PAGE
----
Annealing

Annealing is a metal heat treatment process in which the metal is slowly heated to a certain temperature, kept for a sufficient time, and then cooled at a suitable rate. Annealing heat treatment is divided into complete annealing, incomplete annealing, and stress relief annealing. The mechanical properties of annealed materials can be tested by tensile test or hardness test. Many steels are supplied in the state of annealing and heat treatment. The hardness of the steel can be tested with a Rockwell hardness tester to test the HRB hardness. For thinner steel plates, steel strips, and thin-walled steel pipes, a surface Rockwell hardness tester can be used to test the HRT hardness.

 

The purpose of annealing is to:

① Improve or eliminate various structural defects and residual stress caused by steel in the process of casting, forging, rolling, and welding, and prevent workpiece deformation and cracking.

 

② Soften the workpiece for cutting.

 

③ Refine the grain and improve the structure to improve the mechanical properties of the workpiece.

 

④ Prepare the structure for final heat treatment (quenching, tempering).

 

Commonly used annealing processes are:

① Fully annealed. It is used to refine the coarse superheated structure with poor mechanical properties after casting, forging, and welding of medium and low carbon steel. Heat the workpiece to a temperature of 30-50°C above the temperature at which all ferrite transforms into austenite, hold for a while, and then slowly cool with the furnace. During the cooling process, the austenite transforms again, which can make the steel structure thinner.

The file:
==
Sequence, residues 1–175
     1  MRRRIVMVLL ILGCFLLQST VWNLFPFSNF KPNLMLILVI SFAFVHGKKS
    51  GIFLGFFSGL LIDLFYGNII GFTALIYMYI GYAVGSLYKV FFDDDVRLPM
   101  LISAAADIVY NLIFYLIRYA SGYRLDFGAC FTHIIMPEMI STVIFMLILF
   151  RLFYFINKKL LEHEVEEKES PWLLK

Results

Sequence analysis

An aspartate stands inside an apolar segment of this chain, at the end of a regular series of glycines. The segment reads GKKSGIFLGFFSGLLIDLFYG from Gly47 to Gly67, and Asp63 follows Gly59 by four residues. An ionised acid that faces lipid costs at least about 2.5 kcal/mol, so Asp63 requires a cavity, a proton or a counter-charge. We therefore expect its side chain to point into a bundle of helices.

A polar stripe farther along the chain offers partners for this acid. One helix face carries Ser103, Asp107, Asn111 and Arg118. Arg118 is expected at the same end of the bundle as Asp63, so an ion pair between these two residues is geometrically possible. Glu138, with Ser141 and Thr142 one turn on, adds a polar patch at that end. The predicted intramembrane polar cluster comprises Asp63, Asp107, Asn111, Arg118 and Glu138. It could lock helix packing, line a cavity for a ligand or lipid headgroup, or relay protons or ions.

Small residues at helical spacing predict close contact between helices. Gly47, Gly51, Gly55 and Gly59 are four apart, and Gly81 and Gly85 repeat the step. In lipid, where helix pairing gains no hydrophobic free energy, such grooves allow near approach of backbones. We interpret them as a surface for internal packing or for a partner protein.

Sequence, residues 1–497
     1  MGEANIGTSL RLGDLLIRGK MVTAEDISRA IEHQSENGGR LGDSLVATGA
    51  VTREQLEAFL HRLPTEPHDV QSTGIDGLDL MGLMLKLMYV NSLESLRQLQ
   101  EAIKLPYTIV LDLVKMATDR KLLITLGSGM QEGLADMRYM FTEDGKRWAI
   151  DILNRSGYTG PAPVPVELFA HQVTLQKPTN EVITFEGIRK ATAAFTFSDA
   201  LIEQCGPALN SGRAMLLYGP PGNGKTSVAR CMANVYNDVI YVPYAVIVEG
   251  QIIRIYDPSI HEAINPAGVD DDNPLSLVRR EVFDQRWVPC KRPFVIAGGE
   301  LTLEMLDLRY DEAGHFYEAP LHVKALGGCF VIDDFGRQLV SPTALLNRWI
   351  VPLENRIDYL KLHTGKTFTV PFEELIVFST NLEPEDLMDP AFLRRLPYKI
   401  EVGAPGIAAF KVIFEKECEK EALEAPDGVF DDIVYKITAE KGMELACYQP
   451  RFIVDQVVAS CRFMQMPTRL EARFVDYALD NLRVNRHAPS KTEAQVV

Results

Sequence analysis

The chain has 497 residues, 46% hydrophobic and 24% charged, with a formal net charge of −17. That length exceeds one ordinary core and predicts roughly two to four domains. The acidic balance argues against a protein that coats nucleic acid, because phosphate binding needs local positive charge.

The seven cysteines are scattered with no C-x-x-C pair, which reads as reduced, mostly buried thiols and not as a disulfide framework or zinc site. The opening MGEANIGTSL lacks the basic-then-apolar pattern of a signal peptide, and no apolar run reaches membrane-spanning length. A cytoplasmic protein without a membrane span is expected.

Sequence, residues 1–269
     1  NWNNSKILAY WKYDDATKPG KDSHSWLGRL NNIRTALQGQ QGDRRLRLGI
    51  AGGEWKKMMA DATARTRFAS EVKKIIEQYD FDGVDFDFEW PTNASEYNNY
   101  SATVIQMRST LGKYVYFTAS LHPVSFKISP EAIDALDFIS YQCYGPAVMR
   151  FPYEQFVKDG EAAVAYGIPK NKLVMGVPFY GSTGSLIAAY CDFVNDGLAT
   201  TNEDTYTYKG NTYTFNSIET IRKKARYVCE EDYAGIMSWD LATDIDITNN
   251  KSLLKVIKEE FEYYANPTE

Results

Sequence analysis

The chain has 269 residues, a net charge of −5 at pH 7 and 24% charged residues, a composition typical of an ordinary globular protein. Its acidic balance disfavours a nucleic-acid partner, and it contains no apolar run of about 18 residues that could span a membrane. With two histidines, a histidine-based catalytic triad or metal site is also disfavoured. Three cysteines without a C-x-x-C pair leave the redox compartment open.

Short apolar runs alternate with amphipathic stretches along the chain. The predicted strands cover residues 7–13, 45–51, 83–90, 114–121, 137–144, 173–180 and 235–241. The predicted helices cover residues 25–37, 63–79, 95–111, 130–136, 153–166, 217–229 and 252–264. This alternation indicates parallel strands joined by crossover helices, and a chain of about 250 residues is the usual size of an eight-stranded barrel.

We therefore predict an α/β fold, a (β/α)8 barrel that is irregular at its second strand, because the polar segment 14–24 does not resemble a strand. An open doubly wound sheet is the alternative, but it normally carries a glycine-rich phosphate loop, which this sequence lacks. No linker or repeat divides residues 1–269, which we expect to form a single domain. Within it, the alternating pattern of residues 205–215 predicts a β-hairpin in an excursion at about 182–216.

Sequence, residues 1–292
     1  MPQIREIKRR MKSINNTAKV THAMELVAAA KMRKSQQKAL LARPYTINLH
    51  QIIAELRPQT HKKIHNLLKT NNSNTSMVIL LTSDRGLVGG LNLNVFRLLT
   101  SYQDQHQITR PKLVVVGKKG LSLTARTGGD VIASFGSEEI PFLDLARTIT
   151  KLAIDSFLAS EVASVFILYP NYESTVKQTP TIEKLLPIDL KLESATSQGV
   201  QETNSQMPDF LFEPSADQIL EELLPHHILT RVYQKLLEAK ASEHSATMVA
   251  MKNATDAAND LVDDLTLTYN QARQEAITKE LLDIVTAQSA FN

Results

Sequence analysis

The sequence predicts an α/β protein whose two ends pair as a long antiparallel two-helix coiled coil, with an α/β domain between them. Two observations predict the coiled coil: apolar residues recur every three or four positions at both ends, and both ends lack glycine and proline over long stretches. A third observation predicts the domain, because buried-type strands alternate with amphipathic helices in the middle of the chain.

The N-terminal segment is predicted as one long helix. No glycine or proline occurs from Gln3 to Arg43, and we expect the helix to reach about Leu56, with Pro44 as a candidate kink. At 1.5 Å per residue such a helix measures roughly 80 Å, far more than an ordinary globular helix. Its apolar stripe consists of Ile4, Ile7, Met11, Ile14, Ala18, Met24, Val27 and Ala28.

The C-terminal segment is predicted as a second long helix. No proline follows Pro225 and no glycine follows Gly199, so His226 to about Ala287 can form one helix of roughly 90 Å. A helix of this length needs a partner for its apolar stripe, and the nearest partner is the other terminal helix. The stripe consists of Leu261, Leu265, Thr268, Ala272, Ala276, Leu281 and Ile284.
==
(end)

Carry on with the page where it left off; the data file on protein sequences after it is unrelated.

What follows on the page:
② spheroidizing annealing. It is used to reduce the high hardness of tool steel and bearing steel after forging. The workpiece is heated to 20-40°C above the temperature at which the steel begins to form austenite, and then slowly cooled after heat preservation. During the cooling process, the lamellar cementite in the pearlite becomes spherical, thereby reducing the hardness.

 

③ Isothermal annealing. It is used to reduce the high hardness of some alloy structural steels with high nickel and chromium content for cutting. Generally, it is first cooled to the most unstable temperature of austenite at a relatively fast rate, and the austenite is transformed into tortenite or sorbite for an appropriate time, and the hardness can be reduced.

 

④ Recrystallization annealing. It is used to eliminate the hardening phenomenon (increase in hardness and decrease in plasticity) of metal wires and sheets during cold drawing and cold rolling. The heating temperature is generally 50 to 150 °C below the temperature at which the steel begins to form austenite. Only in this way can the work hardening effect be eliminated and the metal softens.

 

⑤ Graphitization annealing. It is used to make cast iron containing a large amount of cementite into malleable cast iron with good plasticity. The process operation is to heat the casting to about 950 ℃, keep it for a certain period and then cool it properly to decompose the cementite to form flocculent graphite.

 

⑥ Diffusion annealing. It is used to homogenize the chemical composition of alloy castings and improve their performance. The method is to heat the casting to the highest possible temperature without melting, keep it warm for a long time, and cool slowly after the diffusion of various elements in the alloy tends to be uniformly distributed.

 

⑦ Stress relief annealing. It is used to relieve the internal stress of steel castings and welded parts. For iron and steel products, it is 100 to 200°C below the temperature at which austenite begins to form after heating, and the internal stress can be eliminated by cooling in the air after heat preservation.

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